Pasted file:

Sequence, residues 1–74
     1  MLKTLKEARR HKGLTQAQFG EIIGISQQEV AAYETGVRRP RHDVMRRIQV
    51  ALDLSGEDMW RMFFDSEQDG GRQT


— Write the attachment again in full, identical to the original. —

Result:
Sequence, residues 1–74
     1  MLKTLKEARR HKGLTQAQFG EIIGISQQEV AAYETGVRRP RHDVMRRIQV
    51  ALDLSGEDMW RMFFDSEQDG GRQT